Drawing of two Neanderthal men

The growing human family

The human genome contains traces of two ancient relatives – Neanderthals and Denisovans

Homo sapiens is not the only species to have migrated out of Africa. It was actually following in the footsteps of two other species that had already made the journey.

Neanderthals (Homo neanderthalensis) left Africa some 300,000 years ago and spread through Europe and west Asia. Their close relatives the Denisovans are less well known – the first Denisovan bone was only found in 2008 – but may have spread widely across Asia.

Denisovans get their name from the location where the bones were discovered, Denisova cave in Siberia (named after an 18th-century hermit called Denis). Neanderthals are named after the Neander valley in Germany.


Number of years ago that Neanderthals probably died out. Modern humans and Neanderthals were probably interbreeding 50,000–60,000 years ago.

What were our relatives like? Their physical remains and artefacts provide some clues, mainly into Neanderthal life – only two teeth and a segment of Denisovan finger bone have been found. However, analysis of DNA from their bones is providing startling new insights into human evolution.

Inside the genome

The Neanderthal genome is very similar to the human genome – their DNA sequences differ by just 0.12 per cent. Some of the differences may provide clues about how Neanderthal biology differed from that of modern humans and how H. sapiens evolved after its split from the H. neanderthalensis lineage.

The sequence also sheds light on Neanderthal characteristics – the sequence of the MCR1 gene, for example, suggests they had red hair and pale skin. The Denisovan genome sequence suggests that they had dark skin, brown hair and brown eyes.

 Notably, it appears that our ancestors did interbreed with both Neanderthals and Denisovans (and that Neanderthals and Denisovans also interbred). Some 1–4 per cent of the modern human genome is derived from Neanderthals – roughly equivalent to having a Neanderthal great-great-great-grandparent.

Modern humans and Neanderthals were probably interbreeding 50,000–60,000 years ago; Neanderthals probably died out around 40,000 years ago, possibly because they were unable to compete with H. sapiens (although a changing climate may also have played a part).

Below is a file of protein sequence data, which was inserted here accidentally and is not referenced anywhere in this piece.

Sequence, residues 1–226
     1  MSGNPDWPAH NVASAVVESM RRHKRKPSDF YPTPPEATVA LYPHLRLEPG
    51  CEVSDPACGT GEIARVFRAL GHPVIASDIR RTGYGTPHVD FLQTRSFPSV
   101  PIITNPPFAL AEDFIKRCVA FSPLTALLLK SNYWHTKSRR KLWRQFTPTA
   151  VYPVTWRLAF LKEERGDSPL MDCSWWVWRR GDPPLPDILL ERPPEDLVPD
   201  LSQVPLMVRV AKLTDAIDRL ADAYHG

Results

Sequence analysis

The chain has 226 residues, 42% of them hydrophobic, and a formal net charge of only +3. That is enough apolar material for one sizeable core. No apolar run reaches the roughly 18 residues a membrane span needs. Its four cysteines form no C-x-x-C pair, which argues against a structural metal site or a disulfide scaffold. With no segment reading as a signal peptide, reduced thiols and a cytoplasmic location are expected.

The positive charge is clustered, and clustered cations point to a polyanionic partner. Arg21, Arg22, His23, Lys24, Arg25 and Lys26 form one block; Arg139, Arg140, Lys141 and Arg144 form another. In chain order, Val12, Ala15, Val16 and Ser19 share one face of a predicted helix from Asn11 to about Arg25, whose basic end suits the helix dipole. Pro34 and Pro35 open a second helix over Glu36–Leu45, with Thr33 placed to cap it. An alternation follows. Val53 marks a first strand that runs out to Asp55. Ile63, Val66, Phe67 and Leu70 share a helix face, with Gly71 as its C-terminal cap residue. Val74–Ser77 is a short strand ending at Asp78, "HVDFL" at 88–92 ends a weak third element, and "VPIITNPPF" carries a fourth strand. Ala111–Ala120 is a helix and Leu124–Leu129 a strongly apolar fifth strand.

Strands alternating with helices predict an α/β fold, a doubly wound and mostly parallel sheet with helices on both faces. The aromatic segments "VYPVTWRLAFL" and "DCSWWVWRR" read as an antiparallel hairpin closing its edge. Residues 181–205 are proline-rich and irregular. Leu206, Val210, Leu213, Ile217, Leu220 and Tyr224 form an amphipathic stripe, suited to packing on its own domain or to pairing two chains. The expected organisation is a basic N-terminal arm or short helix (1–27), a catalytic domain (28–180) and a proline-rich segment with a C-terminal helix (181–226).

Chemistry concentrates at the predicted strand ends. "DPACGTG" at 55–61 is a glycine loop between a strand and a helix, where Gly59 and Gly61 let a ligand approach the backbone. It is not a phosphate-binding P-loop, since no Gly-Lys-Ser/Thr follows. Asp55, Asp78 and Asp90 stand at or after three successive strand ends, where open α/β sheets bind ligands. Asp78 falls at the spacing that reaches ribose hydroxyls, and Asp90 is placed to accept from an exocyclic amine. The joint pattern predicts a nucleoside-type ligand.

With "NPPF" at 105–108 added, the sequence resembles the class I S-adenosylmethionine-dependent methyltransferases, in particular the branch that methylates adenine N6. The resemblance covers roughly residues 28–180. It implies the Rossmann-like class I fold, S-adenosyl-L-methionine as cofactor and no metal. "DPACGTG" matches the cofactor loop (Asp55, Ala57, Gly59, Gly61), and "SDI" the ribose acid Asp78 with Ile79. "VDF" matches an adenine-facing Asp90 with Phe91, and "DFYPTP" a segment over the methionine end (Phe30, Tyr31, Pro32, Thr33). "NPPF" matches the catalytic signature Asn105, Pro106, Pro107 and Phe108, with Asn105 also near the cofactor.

Not so dim after all?

Although they are commonly depicted as brutish, evidence is accumulating that Neanderthals may have been more sophisticated than previously thought. There is growing evidence of Neanderthal culture, including art and personal adornment, tool use, and systematic hunting of birds such as pigeons for food. It’s also possible that they may have had the capacity for speech.

A Denisovan genetic footprint

Denisovans are more closely related to Neanderthals than to H. sapiens. Even so, Denisovan DNA makes up 3–5 per cent of populations in east Asia, such as the Melanesians of the western Pacific and Papua New Guinea. Strikingly, a gene that enables Tibetans to survive in low-oxygen high-altitude environments seems to have been imported from Denisovans. There are also signs that the human immune system relies heavily on Denisovan and Neanderthal alleles.

Our lost relatives

Collectively, the findings indicate that the human family was once more diverse than it is now – no other Homo species now exist, and chimpanzees are our closest living relative. Once, however, multiple species existed, with a patchwork of humans living together and at times interbreeding. Although these species are long gone, their legacy lives on in our own genomes.

Lead image:

Drawing of two Neanderthal men.

Wellcome Library, London CC BY


Further reading

About this resource

This resource was first published in ‘Evolution’ in December 2014.

Genetics and genomics, Ecology and environment, Psychology, History
Education levels:
16–19, Continuing professional development